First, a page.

Technical Reports

Ultrasonic Inspection of Railroad Rails by Electromagnetic Acoustic Transducers (EMATs)

  • 01
  • May
  • 1986
AUTHOR: Lloyd J. Graham, Jim F. Martin
SUBJECT: Rail and Infrastructure Integrity
KEYWORDS: Defects, Laboratory Testing, Nondestructive Inspection, Field Testing, Shear-Horizontal Waves, Shear-Radial Waves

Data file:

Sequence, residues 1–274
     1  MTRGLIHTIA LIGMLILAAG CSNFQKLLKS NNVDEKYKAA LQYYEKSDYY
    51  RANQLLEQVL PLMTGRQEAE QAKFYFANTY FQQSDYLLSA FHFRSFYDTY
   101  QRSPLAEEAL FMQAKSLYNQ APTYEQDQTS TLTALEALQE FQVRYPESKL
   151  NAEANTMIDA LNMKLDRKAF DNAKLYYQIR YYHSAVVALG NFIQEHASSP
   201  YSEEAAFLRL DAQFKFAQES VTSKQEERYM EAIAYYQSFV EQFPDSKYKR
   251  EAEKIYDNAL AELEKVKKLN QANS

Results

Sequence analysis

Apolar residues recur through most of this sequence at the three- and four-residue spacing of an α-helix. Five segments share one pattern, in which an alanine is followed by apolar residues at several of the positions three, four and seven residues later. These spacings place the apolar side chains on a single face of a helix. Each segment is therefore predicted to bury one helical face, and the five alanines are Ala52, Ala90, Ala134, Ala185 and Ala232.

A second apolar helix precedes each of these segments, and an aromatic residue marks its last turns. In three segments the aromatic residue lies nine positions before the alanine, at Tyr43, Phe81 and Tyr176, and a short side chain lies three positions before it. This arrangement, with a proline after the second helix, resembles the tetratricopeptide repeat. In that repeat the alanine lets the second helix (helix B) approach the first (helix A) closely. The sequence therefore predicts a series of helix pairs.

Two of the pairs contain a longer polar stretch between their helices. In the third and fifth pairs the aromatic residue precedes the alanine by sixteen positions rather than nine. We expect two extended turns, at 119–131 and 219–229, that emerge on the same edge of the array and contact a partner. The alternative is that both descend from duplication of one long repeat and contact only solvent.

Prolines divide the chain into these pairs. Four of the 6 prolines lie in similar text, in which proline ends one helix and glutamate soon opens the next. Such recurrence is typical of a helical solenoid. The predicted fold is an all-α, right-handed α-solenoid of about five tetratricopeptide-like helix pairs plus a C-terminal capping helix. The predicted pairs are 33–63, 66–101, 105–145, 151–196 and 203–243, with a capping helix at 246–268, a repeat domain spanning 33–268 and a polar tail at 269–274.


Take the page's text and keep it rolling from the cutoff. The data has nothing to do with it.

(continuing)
ABSTRACT: EMATs offer unique characteristics that appear to be advantageous for inspection of railroad rails. These characteristics include the features that EMATs do not require a liquid couplant or physical contact with the object being tested, they can generate ultrasonic wave modes that cannot be produced by conventional transducers and their ultrasonic beams can be steered electronically. This report describes the principal elements, results and conclusions of a four-year program for the development of EMAT systems for the ultrasonic detection and characterization of potentially hazardous defects in railroad rails. Testing in the laboratory on naturally occurring defect specimens and in the field under actual rail testing conditions has shown that EMATs can be adapted for field testing, can detect all the serious types of defects at the required sensitivity level and may be more sensitive to two types of serious defects, the transverse defects and vertical split head defects, than currently available test methods. A long-term side-by-side comparison with existing methods in a field test environment is still needed to confirm that additional defect detection reliability can be achieved by these attractive new rail inspection tools.
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